UNION BEACH, N.J. -- Contractors estimated it would cost between $100,000 to $140,000 to repair the damage caused after superstorm Sandy swept feet of water, silt and mud into John Lederer's house.
His insurance gave him $14,000.
Lederer and his wife, Rosemarie, were able to close that gap after a construction manager from Habitat for Humanity of Northeast Monmouth County drove by and offered help rebuilding.
This Habitat affiliate says it is ready and financially able to repair more homes, but no one is signing up for its help.
The nonprofit group best known for its sweat equity home building program for low-income families does help rehab homes - at least 35, in fact, so far this year through its Sandy recovery program.
But officials with Northeast Monmouth Habitat say the only thing keep it from reaching its goal of rehabilitating 100 homes this year is that residents in its area, like Lederer, aren't aware that's among the services the group provides.
"It's a common occurrence," said Ray Gabler, executive director with Northeast Monmouth Habitat. "People think of Habitat for new-home, affordable-home construction."
That's what Lederer thought, too. As the renovations near completion on his home, Lederer said he never would have been at this point without Habitat - and wouldn't have known about it if the construction manager hadn't drive past.
"I said, 'Frankly, I thought you only built new houses,' " Lederer said.
Need is there
The chapter has a glut of volunteers - "more than we can place right now," Gabler said - as well as several significant grants from Carnival Cruise Lines, The Robin Hood Foundation and other corporate groups, but not enough low-income homeowners who have applied for their assistance.
But officials know the need is there. Gabler estimated that 80 percent of the Sandy damage in Monmouth County hit this Habitat affiliate's territory, which runs from Raritan Bay to Deal Road, from the coast to roughly the Garden State Parkway.
Gabler said his nonprofit group has been trying to reach out those in need by attending Sandy resources fairs, meeting with other organizations assisting storm victims and even going door to door in hard-hit areas.
Applicants have to prove they are homeowners and that they meet income guidelines. Four a family of four, the cap is $65,750 annually.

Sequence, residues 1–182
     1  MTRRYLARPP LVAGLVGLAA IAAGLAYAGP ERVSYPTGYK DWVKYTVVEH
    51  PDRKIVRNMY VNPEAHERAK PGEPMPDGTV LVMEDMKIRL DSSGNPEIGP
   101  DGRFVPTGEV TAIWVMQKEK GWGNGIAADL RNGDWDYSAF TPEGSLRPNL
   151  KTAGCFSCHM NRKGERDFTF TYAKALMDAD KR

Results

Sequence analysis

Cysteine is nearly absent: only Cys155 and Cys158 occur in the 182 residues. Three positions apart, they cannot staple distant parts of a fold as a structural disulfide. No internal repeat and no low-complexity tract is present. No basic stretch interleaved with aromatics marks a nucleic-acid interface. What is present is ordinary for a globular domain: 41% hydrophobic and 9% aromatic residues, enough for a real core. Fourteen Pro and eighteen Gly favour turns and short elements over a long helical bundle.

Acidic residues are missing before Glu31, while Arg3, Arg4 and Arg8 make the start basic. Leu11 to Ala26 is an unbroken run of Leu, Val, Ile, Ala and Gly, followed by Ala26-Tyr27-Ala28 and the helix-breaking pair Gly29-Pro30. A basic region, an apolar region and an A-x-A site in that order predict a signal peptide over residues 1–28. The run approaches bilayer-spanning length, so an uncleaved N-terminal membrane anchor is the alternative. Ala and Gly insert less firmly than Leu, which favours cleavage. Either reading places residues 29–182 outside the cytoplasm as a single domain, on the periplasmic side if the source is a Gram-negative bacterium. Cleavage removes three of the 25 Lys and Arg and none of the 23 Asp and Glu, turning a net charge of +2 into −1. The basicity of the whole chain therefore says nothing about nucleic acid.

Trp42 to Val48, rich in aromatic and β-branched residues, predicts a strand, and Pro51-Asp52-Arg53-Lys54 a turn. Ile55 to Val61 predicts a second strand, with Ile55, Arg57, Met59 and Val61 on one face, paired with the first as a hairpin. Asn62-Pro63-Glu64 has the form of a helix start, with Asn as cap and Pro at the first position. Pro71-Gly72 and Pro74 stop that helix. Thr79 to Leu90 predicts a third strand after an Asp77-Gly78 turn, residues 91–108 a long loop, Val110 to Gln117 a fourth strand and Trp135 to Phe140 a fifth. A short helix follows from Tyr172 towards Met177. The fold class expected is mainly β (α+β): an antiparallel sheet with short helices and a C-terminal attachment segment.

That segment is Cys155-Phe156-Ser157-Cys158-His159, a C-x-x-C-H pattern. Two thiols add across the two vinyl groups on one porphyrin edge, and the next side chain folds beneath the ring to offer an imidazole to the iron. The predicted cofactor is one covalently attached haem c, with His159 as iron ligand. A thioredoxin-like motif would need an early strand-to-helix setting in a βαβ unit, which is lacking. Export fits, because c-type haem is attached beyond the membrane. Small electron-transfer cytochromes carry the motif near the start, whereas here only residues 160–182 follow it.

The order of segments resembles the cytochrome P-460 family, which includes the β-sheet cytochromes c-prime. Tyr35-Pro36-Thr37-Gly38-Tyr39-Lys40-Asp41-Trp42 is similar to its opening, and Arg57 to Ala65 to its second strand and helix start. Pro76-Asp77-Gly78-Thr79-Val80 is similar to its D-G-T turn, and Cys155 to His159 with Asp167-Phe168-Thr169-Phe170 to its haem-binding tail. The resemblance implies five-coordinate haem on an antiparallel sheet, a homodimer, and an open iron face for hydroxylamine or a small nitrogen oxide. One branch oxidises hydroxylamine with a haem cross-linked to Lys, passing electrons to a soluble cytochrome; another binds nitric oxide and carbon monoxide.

Gabler said any insurance payments must be used first toward rehab costs, such as material and certain plumbing and electrical work that must be done by licensed contractors, and Habitat recommends residents seeking help also apply for all available federal assistance.
Habitat also asks that any able-bodied family members help with the renovation, Gabler said.
After that, Habitat pulls from its various grant streams to cover construction costs.
Costs for help
So far, the homes rehabilitated so far have cost anywhere from a high of about $20,000 down to zero out-of-pocket costs. Early projects, Gabler said, benefited from towns that offered wallboards and other supplies to residents.
Leslie Morris of Sea Bright said she had always been aware of Habitat for Humanity but found out more about them after Sandy sent waves of water through her Ocean Avenue ranch, leaving huge piles of sand nestled around it.
"My insurance denied me, so I was in a terrible spot," she said.
Volunteers at borough hall helped Morris fill out the applications, and soon after she got a call from Habitat saying they could help.
Habitat volunteers have been at Morris' home over the last few weeks, shoveling sand away from the home so it could be carted off, capping sewer lines and doing other work to prepare the home, which suffered structural damage, for demolition.
Habitat will be rebuilding her home, Morris said, but she's waiting to hear on her federal aid applications so she knows how to move forward.
"We're all waiting to see what happens with that, economically speaking, so I know which way I'm going to go: use the grants or take a mortgage out to pay for it," she said.
Other Habitat affiliates across the Jersey Shore also have rehabilitation programs, both for Sandy-damaged homes and other low-income homeowners who just need help with needed home repairs.
Northern Ocean Habitat executive director Suzan Fichtner said her agency's home repair project was already well-known because of its A Brush With Kindness program, which has helped low-income homeowners in northern Ocean County tackle home repair and renovations projects for at least three years.
So the nonprofit group was able to use its already existing awareness efforts to let the public know about Bringing Families Home, the Sandy-focused arm of its rehab work.
"The premise is we are not going to have families waiting a year, year and a half, two to get home," she said. "We are going to do the best we can with the resources we have."
Northern Ocean Habitat has received grants from Robin Hood Foundation and first lady Mary Pat Christie's Hurricane Sandy New Jersey Relief Fund to help rehabilitate homes.
Applications are coming in to use those grant dollars, but many of them - 22 of the 48 it had so far - were incomplete, missing essential items like deeds or proof of income, Fichtner said.
The reason, she said, might be from applicants' frustration with the extensive forms they have to fill out for insurance, the Federal Emergency Management Agency and other assistance funding.
"It's just so much paperwork they have to do with everyone," she said.
But at the same time, the nonprofit has to do its due diligence to make sure its grant dollars are correctly spent.
For Lederer, the Union Beach man who gives Habitat all of the credit for his home repairs, said he has to do his due diligence, too: letting everyone he meets know about the organization.
"There are still people who are completely devastated," he said. "If it wasn't for them, I would still be in limbo right now."